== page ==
Jim Blankenship is a Certified Financial Planner, Enrolled Agent, and the owner of Blankenship Financial Planning in Illinois. I have been following his blog Getting Your Financial Ducks In A Row for some time. I also referred to his online publication The IRA Owner’s Manual when I had a question about inherited IRAs. Jim knows his stuff.
I admit I haven’t paid much attention to Social Security because I’m still far from being eligible for Social Security. When Jim Blankenship published a new book A Social Security Owner’s Manual, I took the opportunity to learn more about Social Security.
The "owner’s manual" part in the title is just figuratively speaking. The Supreme Court ruled back in 1960 in Flemming v. Nestor that nobody really "owns" Social Security benefits. Paying Social Security taxes is just that — paying taxes. It has nothing to do with receiving benefits. The ruling has been the law of the land for 50 years already, but I still hear people talking about "I earned it." That’s simply not true. You don’t earn it no matter how much you paid in taxes.
Congress is free to increase, decrease, or eliminate benefits at will, whether those affected paid or didn’t pay Social Security taxes, whether they already started receiving benefits or not. That’s why I haven’t paid much attention to Social Security until now. I figure by the time I’m eligible in 20 years or so, the rules will have changed.
That said, Jim Blankenship’s new book is a great guide for those who want to know the rules as they are now. It’s not a huge book, only 150 pages. It tackles the complex subject very well.
The book starts with the basics: how one becomes eligible for benefits and how the benefits are calculated. The rules are complex, but that’s not Jim’s fault. Jim explains them clearly. If you are inclined to learn the math, Jim shows how the math works. If you don’t care about the math, you can skim over the math and still get the gist of it.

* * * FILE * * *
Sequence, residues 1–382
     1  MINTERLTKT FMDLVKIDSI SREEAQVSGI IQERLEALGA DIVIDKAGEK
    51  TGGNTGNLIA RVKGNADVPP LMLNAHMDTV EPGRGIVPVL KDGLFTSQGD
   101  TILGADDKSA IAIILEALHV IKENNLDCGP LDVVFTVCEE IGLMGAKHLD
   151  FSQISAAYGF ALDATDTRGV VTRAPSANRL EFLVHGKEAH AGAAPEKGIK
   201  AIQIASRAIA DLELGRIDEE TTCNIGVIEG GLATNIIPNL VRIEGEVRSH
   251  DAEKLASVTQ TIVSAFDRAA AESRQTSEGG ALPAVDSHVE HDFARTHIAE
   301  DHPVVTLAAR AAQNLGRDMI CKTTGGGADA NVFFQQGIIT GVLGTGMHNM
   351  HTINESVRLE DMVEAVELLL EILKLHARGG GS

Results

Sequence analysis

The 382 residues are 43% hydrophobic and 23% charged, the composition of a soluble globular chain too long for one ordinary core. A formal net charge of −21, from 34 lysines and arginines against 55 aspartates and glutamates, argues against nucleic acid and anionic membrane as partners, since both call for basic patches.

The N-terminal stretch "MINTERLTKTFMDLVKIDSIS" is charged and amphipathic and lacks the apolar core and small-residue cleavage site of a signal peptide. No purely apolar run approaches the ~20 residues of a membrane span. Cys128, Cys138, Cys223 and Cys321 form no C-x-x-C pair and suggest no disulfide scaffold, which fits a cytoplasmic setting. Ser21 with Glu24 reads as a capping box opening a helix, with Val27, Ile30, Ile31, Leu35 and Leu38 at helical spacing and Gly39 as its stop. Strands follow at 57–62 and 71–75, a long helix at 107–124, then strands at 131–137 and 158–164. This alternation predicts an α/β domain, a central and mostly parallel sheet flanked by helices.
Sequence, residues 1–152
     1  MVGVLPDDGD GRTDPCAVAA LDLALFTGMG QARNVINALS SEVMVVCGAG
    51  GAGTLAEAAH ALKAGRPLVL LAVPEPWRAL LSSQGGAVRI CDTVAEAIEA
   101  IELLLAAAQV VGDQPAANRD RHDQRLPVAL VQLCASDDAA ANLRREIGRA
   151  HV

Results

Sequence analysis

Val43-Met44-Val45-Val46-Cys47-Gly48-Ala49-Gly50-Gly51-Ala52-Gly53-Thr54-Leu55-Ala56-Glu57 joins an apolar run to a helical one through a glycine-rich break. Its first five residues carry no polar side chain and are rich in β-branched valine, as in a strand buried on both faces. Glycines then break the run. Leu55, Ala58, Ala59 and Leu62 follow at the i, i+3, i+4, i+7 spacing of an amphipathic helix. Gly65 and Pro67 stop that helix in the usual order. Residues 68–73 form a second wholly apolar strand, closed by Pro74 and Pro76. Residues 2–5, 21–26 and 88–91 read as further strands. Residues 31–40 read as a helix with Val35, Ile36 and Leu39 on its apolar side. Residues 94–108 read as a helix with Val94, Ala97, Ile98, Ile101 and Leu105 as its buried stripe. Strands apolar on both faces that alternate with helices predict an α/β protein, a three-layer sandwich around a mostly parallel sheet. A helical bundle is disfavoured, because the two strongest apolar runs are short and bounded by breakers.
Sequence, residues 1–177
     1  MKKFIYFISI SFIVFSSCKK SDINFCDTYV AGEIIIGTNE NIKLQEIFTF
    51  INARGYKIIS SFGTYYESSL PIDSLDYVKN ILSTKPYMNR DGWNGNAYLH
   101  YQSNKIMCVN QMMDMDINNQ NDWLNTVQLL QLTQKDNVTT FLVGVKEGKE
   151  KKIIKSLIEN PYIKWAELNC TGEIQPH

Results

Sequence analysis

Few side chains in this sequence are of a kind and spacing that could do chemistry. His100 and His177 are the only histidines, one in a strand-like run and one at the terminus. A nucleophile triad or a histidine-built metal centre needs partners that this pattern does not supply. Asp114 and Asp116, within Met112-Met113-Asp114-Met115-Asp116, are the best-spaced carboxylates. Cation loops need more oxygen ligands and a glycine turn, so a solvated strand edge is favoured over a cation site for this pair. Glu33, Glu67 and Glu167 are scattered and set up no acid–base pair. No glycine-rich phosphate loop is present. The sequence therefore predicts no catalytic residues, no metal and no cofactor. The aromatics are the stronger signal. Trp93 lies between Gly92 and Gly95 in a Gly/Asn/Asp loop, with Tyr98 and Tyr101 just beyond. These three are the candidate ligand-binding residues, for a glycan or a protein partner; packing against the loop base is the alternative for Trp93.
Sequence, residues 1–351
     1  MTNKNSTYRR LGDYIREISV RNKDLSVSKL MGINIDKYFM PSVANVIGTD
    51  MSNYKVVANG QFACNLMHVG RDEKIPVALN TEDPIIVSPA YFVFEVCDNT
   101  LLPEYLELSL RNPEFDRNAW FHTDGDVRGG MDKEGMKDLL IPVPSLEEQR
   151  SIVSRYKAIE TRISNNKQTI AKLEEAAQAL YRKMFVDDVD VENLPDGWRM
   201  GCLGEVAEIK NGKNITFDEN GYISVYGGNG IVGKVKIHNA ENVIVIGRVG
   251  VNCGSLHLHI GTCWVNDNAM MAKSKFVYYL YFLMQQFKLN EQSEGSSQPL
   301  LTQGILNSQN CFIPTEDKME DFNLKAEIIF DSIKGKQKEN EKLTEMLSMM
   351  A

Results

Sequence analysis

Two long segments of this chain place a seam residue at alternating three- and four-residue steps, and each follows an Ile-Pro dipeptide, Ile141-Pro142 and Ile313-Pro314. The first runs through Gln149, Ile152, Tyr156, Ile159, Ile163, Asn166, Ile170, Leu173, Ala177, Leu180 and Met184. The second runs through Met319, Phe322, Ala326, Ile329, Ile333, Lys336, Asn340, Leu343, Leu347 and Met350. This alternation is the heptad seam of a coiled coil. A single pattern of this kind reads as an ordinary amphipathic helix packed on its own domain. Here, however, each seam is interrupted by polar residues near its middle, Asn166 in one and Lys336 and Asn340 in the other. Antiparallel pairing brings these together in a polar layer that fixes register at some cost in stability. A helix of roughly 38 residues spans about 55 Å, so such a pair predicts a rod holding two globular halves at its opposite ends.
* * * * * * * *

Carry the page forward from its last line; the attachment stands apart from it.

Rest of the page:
Part Two of the book talks about how Social Security benefits are taxed, especially for people who work and receive Social Security benefits at the same time. Here I think the book can be expanded a little more on how a retiree should structure the withdrawals from other accounts, taking into consideration the impact on the tax on Social Security.
Part Three talks about working with Social Security Administration and the complex subjects of Windfall Elimination Provision (WEP) and Government Pension Offset (GPO). Neither WEP nor GPO affects me — you or your spouse must have a job that doesn’t pay into Social Security. It beats me why we still don’t include everyone in the system.
Part Four is the meat of the book. It talks about tips and strategies:
- when to claim Social Security;
- if you are married, who should claim early and who should claim late;
- maximize Social Security benefits with do-over (now limited), double dipping, and file-and-suspend
Social Security’s complex and, in my view, outdated rules create opportunities for the informed to squeeze more benefits from the system. The strategies are all legal. Those who don’t learn about them will be at a disadvantage.
If you or your family members are close to being eligible for Social Security, it behooves you to spend the $15 or so on a good book about Social Security. The payoff will be tremendous. I would recommend Jim’s book.
After reading it, I have a much clearer understanding of how Social Security works today. I also realized how some things shouldn’t be the way they are now. For instance I wrote about Social Security benefits will increase more for retirees than for those still working. I learned that after reading Jim’s book. I will comment on a few more nuggets in the coming weeks.
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